Several decades ago, Jacqueline Winspear passed over tables full of secondhand goods at a church “jumble sale,” or rummage sale. Then, a book caught her eye. Winspear picked up The Woman’s Book, a heavy, spine-cracked, dog-eared book held together with a rubber band, a 1911 instruction manual for new wives on how to run and maintain the family home. “I flicked to the title page,” she says, “and it had been inscribed to a woman on the occasion of her wedding in July 1914.” Right before World War I’s outbreak, she notes. “I wondered what happened to them. All these years, that question stayed with me."

Winspear’s new novel The Care and Management of Lies attempts to answer such questions. The story begins on the cusp of a young couple’s wedding and of World War I. A young English woman, Kezia, marries a landed farmer, and enthusiastically plunges into her new role as keeper of home and hearth. In contrast, her longtime friend, Thea, throws herself into in clandestine political activities.

Kezia’s husband Tom leaves for the front lines, leaving Kezia to manage the home and farm, and Thea enlists in the war effort. Soon, tragedy leaves expectations forever destroyed for all three. Yet throughout the novel, Winspear takes everyday occurrences—food, work, home management—and turns them into warm, rich, descriptive scenes that evoke a bittersweet nostalgia for the era. One can almost smell the damp tweed and taste the freshly baked pies.

Care and Management is an interesting new take on Winspear’s fascination with World War I; previously, Winspear focused on the era in her New York Times-bestselling Maisie Dobbs mystery series. “I don’t write who-done-its,” she says, “but why-done-its.” The mystery genre, she notes, offers an insightful way to examine war’s chaos and post-war challenges. “I’m interested in what happens to ordinary people in extraordinary times,” she says, inspired by her childhood curiosity in her grandfather, who survived the Great War. “The man was still removing shards of shrapnel when he died at age 77,” she says. Like a decades-long splinter, the shard would eventually work its way out; first-hand, at the knee of her grandfather, she observed the long-term ramifications of war.

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In the book, Tom and Kezia write wartime-letter descriptions of meals to communicate their affections; even a casserole evokes a rather sensuous affair. Winspear always wanted to write about love in a time of war, “but I didn’t want to tell it as a mystery,” she says. “I wanted to look from different angle, at love in a time of war through the lens of how we are nourished. I’m fascinated by how we express ourselves with food, how food is an expression of love. Love becomes more urgent in a time of war, becomes more necessary.”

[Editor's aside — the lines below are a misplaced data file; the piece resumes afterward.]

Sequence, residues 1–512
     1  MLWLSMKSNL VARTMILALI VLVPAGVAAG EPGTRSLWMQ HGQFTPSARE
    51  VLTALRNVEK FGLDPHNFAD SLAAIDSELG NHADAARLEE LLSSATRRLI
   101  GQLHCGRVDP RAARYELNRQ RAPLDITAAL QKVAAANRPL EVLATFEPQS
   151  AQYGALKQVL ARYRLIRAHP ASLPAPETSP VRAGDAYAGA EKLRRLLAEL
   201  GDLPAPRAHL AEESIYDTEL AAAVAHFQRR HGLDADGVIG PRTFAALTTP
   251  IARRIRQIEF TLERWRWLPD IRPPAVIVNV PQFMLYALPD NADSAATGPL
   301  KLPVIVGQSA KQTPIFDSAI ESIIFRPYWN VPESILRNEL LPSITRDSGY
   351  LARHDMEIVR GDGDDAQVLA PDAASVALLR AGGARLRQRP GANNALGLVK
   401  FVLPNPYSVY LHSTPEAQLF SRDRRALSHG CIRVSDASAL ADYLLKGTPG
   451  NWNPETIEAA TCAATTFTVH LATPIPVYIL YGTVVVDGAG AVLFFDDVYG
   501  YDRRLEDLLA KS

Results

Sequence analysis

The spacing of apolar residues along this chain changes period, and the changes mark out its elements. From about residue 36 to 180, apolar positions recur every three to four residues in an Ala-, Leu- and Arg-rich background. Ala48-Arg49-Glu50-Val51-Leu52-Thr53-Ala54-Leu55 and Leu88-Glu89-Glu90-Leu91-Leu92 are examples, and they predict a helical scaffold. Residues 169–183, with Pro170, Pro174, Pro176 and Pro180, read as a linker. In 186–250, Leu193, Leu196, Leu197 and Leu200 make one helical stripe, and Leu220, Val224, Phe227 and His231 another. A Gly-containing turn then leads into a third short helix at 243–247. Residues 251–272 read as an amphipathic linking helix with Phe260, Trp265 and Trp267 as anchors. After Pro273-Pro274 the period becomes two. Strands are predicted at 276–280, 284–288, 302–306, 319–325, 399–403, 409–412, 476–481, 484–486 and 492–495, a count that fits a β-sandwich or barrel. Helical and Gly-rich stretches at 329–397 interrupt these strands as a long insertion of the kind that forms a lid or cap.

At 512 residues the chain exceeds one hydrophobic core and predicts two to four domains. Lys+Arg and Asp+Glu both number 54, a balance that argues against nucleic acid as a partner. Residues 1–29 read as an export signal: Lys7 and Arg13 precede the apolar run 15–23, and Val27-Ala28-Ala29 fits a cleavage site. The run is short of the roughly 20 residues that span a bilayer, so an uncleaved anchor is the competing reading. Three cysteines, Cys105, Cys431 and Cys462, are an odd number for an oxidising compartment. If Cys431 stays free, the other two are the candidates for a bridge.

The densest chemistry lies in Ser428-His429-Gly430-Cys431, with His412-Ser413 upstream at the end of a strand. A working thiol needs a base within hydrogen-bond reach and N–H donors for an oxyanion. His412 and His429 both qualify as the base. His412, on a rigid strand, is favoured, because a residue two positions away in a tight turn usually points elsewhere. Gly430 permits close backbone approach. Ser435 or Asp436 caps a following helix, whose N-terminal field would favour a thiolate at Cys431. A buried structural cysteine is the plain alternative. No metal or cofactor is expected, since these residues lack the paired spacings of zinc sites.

So she integrated an imaginative storyline about wartime love, quotes from The Woman’s Book, and deep research on food and the Great War. She turned to newspapers of the time, books written about food and the military, and hours in the imperial archives, reading letters from men on the battlefield. “That which you know has to be used carefully,” she says of facts’ relationship to fiction. “Like an iceberg, only seven percent should be visible. The rest informs what you write.”JWinspear Cover

Winspear was 45 when her first book was published, yet her natural storytelling acumen is evident even in casual conversation. In delightfully accented English, she layers story upon story, weaving anecdotes and facts as easily as in her books, each yarn more fascinating than the last. In one short conversation, she explains the origins of “pin money,” why “bully beef” changed military strategy and how officers would buy French bread to bolster their solders’ spirits.

For Winspear, procuring additional copies of The Woman’s Book has become a favored pastime. She’s tracked down the five-inch-thick tome from eBay and AbeBooks, along with antiquarian booksellers, and passes them along as gifts to friends and colleagues. It was an extraordinary book, she notes. “For example, there’s a piece on how to communicate with the servants and make them feel at home, as well as hosting dinner parties and where you would seat the prime minister or king.”

Lora Shinn is a recovering librarian, currently working as a full-time freelance journalist.